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Supreme Court grants bail to man jailed for more than a year under NDPS Act

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The Supreme Court has granted bail to a man incarcerated for more than a year in a case related to the seizure of pseudoephedrine, a controlled substance under the NDPS Act. 

It was alleged in the complaint by NCB that the controlled substance allegedly being exported to Australia secretly with the exercise equipment. 

During the hearing, Advocate Rakesh Talukdar argued on behalf of the petitioner. He said the present matter pertains to the seizure of a controlled substance and not a narcotic.

The entire case of the prosecution hinges upon the statements of the co-accused recorded under Section 67 of NDPS Act, which are not admissible for conviction as per law laid down by the Court in “Toofan Singh Vs State of Tamil Nadu,” he argued.

He further argued that the allegation, against him was with regard to the alleged substance which was not even recovered from him. Thus, he prayed that petitioner be released on bail as he is languishing in jail for more than a year now. 

The bench led by the CJI NV Ramana has asked the stand of the Centre on the submissions made by petitioner’s counsel. 

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Per contra, the Additional Solicitor General appearing for the Centre, has apprised the Bench that the rigours of Section 37 will not apply to the present case. Though, his (accused) own statement is admissible in the evidence. That he knows Shabnam, who booked the consignment. He said the recovery from the accused on the place of occurrence is not required for attracting the provisions of Section 29 of the NDPS Act. Although no minimum punishment is prescribed in case of controlled substance, however, Section 25A of the NDPS Act provides punishment in respect of Controlled substance with a rigorous imprisonment which may extend to ten years and fine which may extend to one lakh.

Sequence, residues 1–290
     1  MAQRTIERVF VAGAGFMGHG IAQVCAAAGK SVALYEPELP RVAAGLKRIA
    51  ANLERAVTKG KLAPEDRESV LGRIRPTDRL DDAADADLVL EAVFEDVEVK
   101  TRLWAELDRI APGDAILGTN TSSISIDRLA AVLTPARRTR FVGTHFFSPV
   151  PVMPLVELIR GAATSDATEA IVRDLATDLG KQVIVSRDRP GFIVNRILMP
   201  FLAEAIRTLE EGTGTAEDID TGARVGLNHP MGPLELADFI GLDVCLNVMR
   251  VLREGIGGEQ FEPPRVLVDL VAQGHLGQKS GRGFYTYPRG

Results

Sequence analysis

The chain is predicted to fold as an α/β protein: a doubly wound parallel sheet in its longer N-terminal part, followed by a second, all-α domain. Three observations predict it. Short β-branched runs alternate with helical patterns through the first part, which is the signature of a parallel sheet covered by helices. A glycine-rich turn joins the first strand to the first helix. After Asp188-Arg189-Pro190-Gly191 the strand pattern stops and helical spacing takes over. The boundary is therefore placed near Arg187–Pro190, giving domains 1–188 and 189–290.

However, the Apex Court Bench, which also comprised Justice Krishna Murari and Justice Hima Kohli, granted bail to petitioner considering the fact he is in custody for over a year and the substance is a controlled substance. “We deem it to be a fit case to grant him bail. Accordingly, directed to be enlarged on bail on terms and conditions to be imposed by the trial court,” noted the bench in its order. 

A case was registered by the NCB under Sections 9A, read with Section 25A/29 of the NDPS Act, 1985, against the petitioner. “During the export of a consignment to Australia from Kolkata, the substance pseudoephedrine was recovered from within the declared goods due for shipment. Although the petitioner was not the consignor of the shipment the prosecution alleges that certain other co-accused and witnesses identified the petitioner as the person who had purchased the exercise equipment where the recovered items were hidden,” read the plea. 

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The present plea has been filed against the order passed by the Calcutta High Court wherein the Court had noted though the restrictions under Section 37 of the Narcotic Drugs and Psychotropic Substance Act does not apply but there is a reasonable nexus of the link which is yet to be unearth, we do not feel it is a fit case where he should be released on bail. 

“There appears to have been a link sought to be established to curb the menace of illegal export of the contraband or the controlled substance, which has an impact of tarnishing the republic of the country, which has gained after a herculious exercise”

-noted the High Court. 

Statement recorded under Section 67 of the NDPS Act not admissible for conviction: read plea

The petitioner contented that the whole case of the prosecution hinges upon statements recorded under Section 67 of the NDPS Act, which are not admissible for conviction as per the law laid down by the Top Court in Toofan Singh Vs State of Tamil Nadu, wherein it was held that officers invested with powers under Section 53 are police officers within the meaning of Section 25 of the Evidence Act. Hence, any confessional statement made to them would be barred under Section 25 of the Evidence Act and cannot be taken into account in order to convict accused under the Act. Hence, a statement under Section 67 cannot be used as a confessional statement in trial of an offence under the Act. 

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Rigours of Section 37 NDPS Act not applicable, in view of Controlled substance, plea stated. 

Plea contented that it is settled law that the rigours of Section 37 NDPS Act would not apply in the present case as the substance recovered is not a narcotic drug or a psychotropic substance but a controlled substance. The distinction between the said categories has been recognised both in statute as well as several judicial pronouncements. The petitioner further contented that the High Court had granted bail in similar cases dealing with the controlled substances. 

The present plea has been filed by Advocate-on-Record Surabhi Guleria and argued by Advocate Rakesh Talukdar and Advocate Ashray Chopra.

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